Cake Balls: Easy to Make, Easier to Make Jokes About
Photos by Brooke Nottingham
All innuendos and dirty jokes duly noted, I prefer my food in compact ball-shape. I like cheese balls, sausage balls, popcorn balls and meatballs. Thanksgiving always has and always will find a Butterball in my oven (sorry, Stephan Pyles.) So for dessert my natural choice is cake balls.
If cupcakes are the washed-up, allegedly drug-addicted B-list star of last year and pie is the 2011's fresh-faced starlet with a freshly inked CoverGirl contract, then cake balls are the kind-hearted girl who did really good in the talent show last fall and will make it, one day. Or at least, that describes the girl who gave me the recipe when I worked with her at Yankee Candle last year.
A cake ball is a nugget of an imploded cake, and they fit right in with my repertoire of recipes that don't contain any actual food. Or cooking.
Certainly a chef more talented than I can refine these treats. Some go-getters even impale these treats on Popsicle sticks and call them "cake pops." How darling. A waste of time and resources, but still. Darling.
Plus, cake balls are an edgy boxed cake dessert. Which means they're a cautious distance away from the edge, tucked safely behind a guard rail behind while being herded toward the gift shop by the sunburned tour guide. But cake balls are sure to have fewer fans than cupcakes or pie, so if you bring in a tray you're sure to get at least a few, "Oh, how cute! How did you get so creative?" comments. Worked for my coworker at Yankee Candle, worked for me this Christmas, and it's going to work for you in 2011.
To earn your creativity token, all you do is follow the instructions for a boxed cake recipe. After the cake cools, crumble it in a bowl. I cut mine into a checkerboard and broke it down with a hand mixer. Mix the crumbled cake with a container of frosting. For my cake balls, I stick with chocolate cake and vanilla frosting, or white cake and cream cheese frosting. But you're the edgy, creative one, so go wild. Balls to the wall, and all that.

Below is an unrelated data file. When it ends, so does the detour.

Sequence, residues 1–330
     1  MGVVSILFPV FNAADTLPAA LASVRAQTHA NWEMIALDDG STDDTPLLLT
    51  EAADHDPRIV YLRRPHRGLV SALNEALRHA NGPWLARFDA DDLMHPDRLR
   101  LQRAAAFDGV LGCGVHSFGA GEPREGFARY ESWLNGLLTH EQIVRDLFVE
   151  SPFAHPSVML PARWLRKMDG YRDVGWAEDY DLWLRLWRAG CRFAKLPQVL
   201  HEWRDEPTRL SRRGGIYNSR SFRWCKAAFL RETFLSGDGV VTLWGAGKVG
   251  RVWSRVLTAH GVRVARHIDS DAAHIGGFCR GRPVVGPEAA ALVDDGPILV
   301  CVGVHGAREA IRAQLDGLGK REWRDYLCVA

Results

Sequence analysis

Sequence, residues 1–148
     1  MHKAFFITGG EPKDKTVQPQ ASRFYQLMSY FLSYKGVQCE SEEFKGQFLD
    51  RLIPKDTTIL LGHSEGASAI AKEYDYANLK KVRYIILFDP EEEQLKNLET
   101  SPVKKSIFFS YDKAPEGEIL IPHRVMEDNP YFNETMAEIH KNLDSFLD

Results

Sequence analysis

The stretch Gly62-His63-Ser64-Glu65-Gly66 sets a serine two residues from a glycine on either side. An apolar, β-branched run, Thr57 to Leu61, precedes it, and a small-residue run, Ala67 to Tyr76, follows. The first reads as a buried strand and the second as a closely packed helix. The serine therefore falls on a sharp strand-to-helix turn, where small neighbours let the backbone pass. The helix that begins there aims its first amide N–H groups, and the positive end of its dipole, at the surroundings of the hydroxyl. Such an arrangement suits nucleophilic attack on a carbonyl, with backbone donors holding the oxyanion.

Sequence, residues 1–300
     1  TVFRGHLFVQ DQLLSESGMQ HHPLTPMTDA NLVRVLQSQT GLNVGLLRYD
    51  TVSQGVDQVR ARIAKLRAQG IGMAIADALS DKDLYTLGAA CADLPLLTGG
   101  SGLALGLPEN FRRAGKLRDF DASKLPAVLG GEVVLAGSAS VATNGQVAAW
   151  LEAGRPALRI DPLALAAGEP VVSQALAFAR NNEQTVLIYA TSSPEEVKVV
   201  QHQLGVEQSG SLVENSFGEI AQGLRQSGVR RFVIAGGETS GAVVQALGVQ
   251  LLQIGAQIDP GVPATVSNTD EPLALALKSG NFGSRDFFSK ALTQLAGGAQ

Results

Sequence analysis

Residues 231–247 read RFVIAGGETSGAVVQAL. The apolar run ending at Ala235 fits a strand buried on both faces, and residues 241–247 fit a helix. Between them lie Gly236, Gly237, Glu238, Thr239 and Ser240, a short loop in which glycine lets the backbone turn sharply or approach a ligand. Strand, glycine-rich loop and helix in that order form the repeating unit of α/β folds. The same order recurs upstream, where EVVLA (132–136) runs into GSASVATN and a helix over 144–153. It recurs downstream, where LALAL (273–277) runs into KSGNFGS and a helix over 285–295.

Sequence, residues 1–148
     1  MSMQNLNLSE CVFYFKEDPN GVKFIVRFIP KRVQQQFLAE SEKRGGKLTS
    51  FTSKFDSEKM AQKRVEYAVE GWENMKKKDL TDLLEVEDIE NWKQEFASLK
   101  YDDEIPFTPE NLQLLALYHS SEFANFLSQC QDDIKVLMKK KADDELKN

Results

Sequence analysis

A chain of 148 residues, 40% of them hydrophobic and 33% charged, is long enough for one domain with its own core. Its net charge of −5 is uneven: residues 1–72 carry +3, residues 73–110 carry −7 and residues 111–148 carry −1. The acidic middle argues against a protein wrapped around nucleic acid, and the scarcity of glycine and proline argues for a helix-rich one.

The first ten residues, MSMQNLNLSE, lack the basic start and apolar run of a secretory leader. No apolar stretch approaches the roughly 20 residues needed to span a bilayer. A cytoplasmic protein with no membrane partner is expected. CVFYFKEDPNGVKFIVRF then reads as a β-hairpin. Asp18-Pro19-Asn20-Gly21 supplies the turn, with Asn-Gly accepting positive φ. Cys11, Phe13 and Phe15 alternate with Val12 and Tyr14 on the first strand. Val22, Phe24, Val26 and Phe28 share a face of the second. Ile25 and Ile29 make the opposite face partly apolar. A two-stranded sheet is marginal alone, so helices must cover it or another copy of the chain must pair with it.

When the cake and frosting are thoroughly combined, roll out the mixture into one-inch balls. One cake package should yield about two dozen cake balls. Pop the raw balls into the freezer for a couple of hours. I've seen some recipes on the Internet say the balls only need to chill for 15 minutes, but I've had enough warm cake balls crumble to know to err on the side of caution. Freeze the balls for at least an hour.
I'll pause to let you make ball jokes.
When the cake balls are hardened, melt a few handfuls of white or semi-sweet chocolate chips in a saucepan. Take care to melt the chips over a low heat so they don't burn. Burned chips create a thick, waxy sludge that sticks to the pan, not the balls. And then all you have is lumps of cold cake mix.
Coat the cake balls with a thick layer of chocolate and set on wax paper to cool.
After that step, I wielded a can of Wilton's Ready to Decorate Icing. First, I pretended that I was anything like a talented pastry chef and tried to do abstract streamer designs, which made my cake balls look like they'd already been chewed.
I can't draw, but I am literate. I tried to write "CoA" on my cake balls to promote City of Ate blog spirit. And when I mangled that, I drew a pair of breasts on my last cake ball and called it a night.
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